HBCU Writers's Project
For Immediate Release
November 14, 2012
Contact Information

Lanise Harris
Florida A&M University

(BPRW) Leon County Adopts a New Citation Alternative

(BLACK PR WIRE/FAMU-TALLAHASSEE) "" Tallahassee and Leon County will be the first Florida jurisdictions to adopt civil citations as an alternative to arresting adults for first offenses of minor, nonviolent crimes.

Misdemeanors like trespassing, disorderly conduct and petty theft are some of the offenses that are more likely to receive the citations. The new program starts in Leon County in December.

The Florida Smart Justice Alliance, a recently formed coalition that promotes changes in the criminal justice system, helped put the plan together and is pushing to expand the idea statewide. The Alliance says it sees growing support for the idea. The initiative also has the endorsement of local prosecutors, public defenders and judges.

The program is supposed to imitate the impact of juvenile civil citations which led to a decrease in recidivism among youths, said Barney Bishop, vice president of the Center for Smart Justice at Florida TaxWatch.

The citations refrain first-time offenders from getting jail time and a criminal record that would affect them for the rest of their lives. Keeping people out of the system helps prevent challenges an arrest record may pose to employment later, said State Attorney Willie Meggs.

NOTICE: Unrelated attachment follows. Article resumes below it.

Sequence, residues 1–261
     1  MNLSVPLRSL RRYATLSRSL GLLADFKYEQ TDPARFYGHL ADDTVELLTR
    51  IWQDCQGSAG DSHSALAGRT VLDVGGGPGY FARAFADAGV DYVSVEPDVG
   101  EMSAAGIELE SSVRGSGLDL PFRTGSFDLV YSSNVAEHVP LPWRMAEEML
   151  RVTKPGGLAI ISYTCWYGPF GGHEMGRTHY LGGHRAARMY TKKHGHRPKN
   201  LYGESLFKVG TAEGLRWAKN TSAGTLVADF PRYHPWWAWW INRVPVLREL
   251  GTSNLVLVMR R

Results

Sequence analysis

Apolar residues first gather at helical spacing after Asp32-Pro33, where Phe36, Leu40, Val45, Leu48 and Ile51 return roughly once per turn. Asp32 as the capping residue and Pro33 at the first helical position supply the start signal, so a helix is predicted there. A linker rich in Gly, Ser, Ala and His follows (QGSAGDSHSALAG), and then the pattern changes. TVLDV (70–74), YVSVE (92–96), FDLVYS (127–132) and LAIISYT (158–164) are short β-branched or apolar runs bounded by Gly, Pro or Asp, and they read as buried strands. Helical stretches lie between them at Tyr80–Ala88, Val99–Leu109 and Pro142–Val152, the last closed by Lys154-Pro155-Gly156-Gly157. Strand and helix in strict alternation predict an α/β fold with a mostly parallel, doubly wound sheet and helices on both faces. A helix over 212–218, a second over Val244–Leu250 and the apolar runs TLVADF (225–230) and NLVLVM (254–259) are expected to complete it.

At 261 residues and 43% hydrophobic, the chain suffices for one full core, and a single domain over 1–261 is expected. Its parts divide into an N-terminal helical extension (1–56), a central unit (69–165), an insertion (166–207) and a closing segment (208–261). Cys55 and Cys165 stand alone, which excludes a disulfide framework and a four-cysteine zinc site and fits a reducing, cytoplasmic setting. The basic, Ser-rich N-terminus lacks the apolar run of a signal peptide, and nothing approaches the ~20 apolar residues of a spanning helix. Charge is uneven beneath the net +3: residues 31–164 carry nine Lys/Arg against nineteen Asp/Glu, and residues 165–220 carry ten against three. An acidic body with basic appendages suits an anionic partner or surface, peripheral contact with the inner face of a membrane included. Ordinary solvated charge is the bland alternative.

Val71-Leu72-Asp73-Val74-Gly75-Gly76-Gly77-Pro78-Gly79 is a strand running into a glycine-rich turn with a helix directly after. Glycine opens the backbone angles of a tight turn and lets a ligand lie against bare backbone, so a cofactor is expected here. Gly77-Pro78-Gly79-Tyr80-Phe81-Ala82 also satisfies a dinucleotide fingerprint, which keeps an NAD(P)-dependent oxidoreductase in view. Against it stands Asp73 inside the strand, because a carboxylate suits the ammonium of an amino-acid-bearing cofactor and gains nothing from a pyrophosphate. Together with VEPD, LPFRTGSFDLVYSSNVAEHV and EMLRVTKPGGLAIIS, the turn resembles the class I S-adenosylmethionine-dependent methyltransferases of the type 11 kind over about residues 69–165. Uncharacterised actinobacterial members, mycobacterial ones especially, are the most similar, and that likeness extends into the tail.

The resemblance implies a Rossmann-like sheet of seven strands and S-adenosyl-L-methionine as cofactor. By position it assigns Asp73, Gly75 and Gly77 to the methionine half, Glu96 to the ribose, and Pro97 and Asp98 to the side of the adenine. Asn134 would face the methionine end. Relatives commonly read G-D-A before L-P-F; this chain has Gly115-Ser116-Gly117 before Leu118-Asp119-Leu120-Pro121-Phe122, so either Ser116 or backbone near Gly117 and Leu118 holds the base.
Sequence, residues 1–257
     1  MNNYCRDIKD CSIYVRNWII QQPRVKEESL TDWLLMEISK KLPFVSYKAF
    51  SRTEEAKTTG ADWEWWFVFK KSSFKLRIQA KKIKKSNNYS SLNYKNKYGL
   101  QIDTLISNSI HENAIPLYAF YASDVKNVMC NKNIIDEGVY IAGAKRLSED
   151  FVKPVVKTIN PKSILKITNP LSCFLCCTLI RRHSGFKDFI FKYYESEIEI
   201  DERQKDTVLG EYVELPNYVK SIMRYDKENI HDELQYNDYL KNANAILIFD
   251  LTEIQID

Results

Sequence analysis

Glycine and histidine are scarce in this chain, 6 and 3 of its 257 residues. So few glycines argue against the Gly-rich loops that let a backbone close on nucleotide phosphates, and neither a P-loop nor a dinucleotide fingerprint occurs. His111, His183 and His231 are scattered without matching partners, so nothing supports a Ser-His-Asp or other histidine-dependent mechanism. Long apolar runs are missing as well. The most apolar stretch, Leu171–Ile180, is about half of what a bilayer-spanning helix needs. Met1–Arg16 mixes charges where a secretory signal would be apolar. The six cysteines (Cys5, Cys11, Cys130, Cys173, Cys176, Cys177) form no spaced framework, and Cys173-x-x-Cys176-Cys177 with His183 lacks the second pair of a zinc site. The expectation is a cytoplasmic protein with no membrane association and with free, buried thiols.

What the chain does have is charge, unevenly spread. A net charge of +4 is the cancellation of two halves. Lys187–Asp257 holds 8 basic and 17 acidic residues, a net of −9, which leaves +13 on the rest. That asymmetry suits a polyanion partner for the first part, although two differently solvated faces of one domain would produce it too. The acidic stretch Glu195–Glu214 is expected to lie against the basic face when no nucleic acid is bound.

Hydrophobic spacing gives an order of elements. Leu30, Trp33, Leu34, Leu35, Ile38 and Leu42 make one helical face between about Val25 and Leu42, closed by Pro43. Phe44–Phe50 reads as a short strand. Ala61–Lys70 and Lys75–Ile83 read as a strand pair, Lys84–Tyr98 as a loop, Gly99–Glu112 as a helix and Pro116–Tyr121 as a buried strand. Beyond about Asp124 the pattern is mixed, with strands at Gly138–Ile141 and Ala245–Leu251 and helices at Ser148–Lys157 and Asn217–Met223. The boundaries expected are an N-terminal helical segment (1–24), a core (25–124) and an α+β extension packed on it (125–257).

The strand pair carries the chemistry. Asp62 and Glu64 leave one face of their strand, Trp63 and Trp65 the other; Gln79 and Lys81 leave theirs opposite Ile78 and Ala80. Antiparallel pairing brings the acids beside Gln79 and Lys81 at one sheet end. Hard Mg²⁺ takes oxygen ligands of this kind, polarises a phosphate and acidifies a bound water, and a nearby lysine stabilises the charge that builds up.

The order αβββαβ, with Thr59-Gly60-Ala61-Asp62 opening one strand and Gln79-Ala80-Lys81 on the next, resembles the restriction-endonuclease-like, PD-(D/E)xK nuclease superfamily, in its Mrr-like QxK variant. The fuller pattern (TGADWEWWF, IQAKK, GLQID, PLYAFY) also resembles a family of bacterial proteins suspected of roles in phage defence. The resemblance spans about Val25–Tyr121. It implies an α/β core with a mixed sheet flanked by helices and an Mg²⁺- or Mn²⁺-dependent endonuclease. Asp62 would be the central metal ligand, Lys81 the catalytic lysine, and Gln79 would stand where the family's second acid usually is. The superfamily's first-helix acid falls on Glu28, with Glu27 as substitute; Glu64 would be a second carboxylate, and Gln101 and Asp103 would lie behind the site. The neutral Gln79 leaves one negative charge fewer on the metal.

"Your record may be clean, but your name is in the system, so if we can keep people out of the system, it's a good thing," said Meggs.

The Leon County citizens cited must undergo an assessment within 72 hours, perform a minimum of 25 hours of community service, and get treatment for underlying causes of their crime such as substance abuse, anger or gambling. Offenders also must pay all costs of the program and will be arrested if they fail to meet any of its conditions. Common misdemeanors such as marijuana possession and petty theft are some of the charges for which juveniles have received citations rather than arrest, for as long as 17 years in Florida jurisdictions.

State Sen. Bill Montford says it makes sense to give people a second chance, especially when they make mistakes when they're young. The program's advocates say the program intends to save taxpayers' money by reducing costs associated with arrest, jail time and court and preventing repeated offenses, the kind of changes the alliance was created to encourage.

Individual law enforcement officers will have the discretion to decide on a case-by-case basis who will receive a citation or an arrest. "If we intervene early, provide the right intervention, it's going to be less costly and more effective, and that's what we're trying to do here," said Tom Olk, executive director of DISC Village, a prevention, intervention and treatment agency located in Tallahassee.

Tallahassee Police Chief Dennis Jones acknowledged a bad attitude offender might be more likely to get arrested while a cooperative offender would receive a civil citation for the same violation.